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CBT or Cognitive Behaviour(al) Therapy (or Psychotherapy) is an umbrella term for a group of therapies aimed at reducing the impact of emotional upset and distress. It is often described as being a ‘talking’ therapy, although it may be more appropriate to also consider it to be a ‘doing’ therapy, due to its highly practical nature and its behaviour therapy origins.

CBT essentially focuses on the link between our thoughts and images (the cognitive processes), what we as people do (our behaviour), and how this impacts on how we feel (our emotions and physiology). It is also very much a ‘here and now’ therapy, although it would be a mistake to suggest CBT is not concerned with the past.

Slightly paraphrasing the Ancient Greek philosopher Epictetus,

People are disturbed, not by things, but by the principles and notions which they form concerning things.

In simple terms , the cognitive model can be described as:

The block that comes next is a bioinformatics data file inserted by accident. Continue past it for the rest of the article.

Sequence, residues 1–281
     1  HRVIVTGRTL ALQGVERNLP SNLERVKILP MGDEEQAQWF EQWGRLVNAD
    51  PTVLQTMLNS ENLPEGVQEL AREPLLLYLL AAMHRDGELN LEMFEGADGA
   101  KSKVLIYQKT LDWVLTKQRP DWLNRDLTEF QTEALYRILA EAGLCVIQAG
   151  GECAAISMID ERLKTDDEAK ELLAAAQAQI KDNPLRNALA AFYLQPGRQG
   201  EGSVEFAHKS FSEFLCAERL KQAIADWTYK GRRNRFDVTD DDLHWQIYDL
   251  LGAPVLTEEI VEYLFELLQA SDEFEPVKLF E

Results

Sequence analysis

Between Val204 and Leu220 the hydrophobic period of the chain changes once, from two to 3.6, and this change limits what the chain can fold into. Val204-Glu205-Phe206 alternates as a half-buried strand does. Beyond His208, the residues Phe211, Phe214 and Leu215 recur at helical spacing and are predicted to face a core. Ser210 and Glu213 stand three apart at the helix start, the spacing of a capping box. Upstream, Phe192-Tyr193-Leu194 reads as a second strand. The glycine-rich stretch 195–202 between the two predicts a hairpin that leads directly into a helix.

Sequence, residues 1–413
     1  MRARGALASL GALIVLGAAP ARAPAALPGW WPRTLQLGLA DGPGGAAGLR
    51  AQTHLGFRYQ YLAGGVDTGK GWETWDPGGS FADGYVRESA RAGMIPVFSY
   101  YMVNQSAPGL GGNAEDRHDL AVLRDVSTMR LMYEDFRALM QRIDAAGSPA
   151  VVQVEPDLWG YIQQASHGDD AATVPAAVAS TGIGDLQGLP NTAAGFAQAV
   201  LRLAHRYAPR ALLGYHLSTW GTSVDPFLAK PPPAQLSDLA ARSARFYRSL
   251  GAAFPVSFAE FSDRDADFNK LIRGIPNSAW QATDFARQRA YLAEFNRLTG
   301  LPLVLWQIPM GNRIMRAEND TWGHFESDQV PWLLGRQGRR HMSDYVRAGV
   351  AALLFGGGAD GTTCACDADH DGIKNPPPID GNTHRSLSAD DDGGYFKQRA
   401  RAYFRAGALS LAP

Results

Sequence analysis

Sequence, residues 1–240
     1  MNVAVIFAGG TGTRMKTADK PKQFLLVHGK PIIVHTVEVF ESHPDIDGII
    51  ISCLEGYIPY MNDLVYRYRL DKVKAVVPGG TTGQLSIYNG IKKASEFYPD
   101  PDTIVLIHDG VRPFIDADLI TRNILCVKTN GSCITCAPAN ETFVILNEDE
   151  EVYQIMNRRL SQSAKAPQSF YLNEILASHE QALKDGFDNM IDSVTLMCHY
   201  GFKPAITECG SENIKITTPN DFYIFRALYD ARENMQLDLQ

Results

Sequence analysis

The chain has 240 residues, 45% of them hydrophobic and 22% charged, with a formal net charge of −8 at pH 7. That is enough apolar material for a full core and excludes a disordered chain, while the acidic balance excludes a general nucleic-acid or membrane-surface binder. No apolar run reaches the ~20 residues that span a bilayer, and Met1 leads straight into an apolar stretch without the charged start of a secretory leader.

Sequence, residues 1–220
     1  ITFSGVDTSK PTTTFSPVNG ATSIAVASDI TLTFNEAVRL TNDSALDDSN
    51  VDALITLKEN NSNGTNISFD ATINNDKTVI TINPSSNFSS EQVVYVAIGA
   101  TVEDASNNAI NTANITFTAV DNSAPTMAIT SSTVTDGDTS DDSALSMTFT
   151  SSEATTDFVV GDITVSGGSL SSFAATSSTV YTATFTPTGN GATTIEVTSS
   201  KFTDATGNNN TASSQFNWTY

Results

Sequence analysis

Event–> Appraisal / Interpretation of event—> Emotion

This idea was developed by Aaron T Beck (1976), who suggested that people are not disturbed by events but by the interpretation of the event. Therefore, the cognitive approach aims to understand why people appraise events as they do. The cognitive behavioural approach into human difficulties takes into account the meanings, emotions and behaviours of the individual within the context of their past experiences and current environment. In other words, how people think can affect how they feel and subsequently how they behave. Simplifying the process, in a nutshell CBT is essentially about changing the way you think, interpret and appraise an event, and/or change the way you behave around an event to effect change in how you feel about an event.  This can be seen by the following diagram.



Beck, A. (1976) Cognitive therapy and the emotional disorders, London, Penguin.

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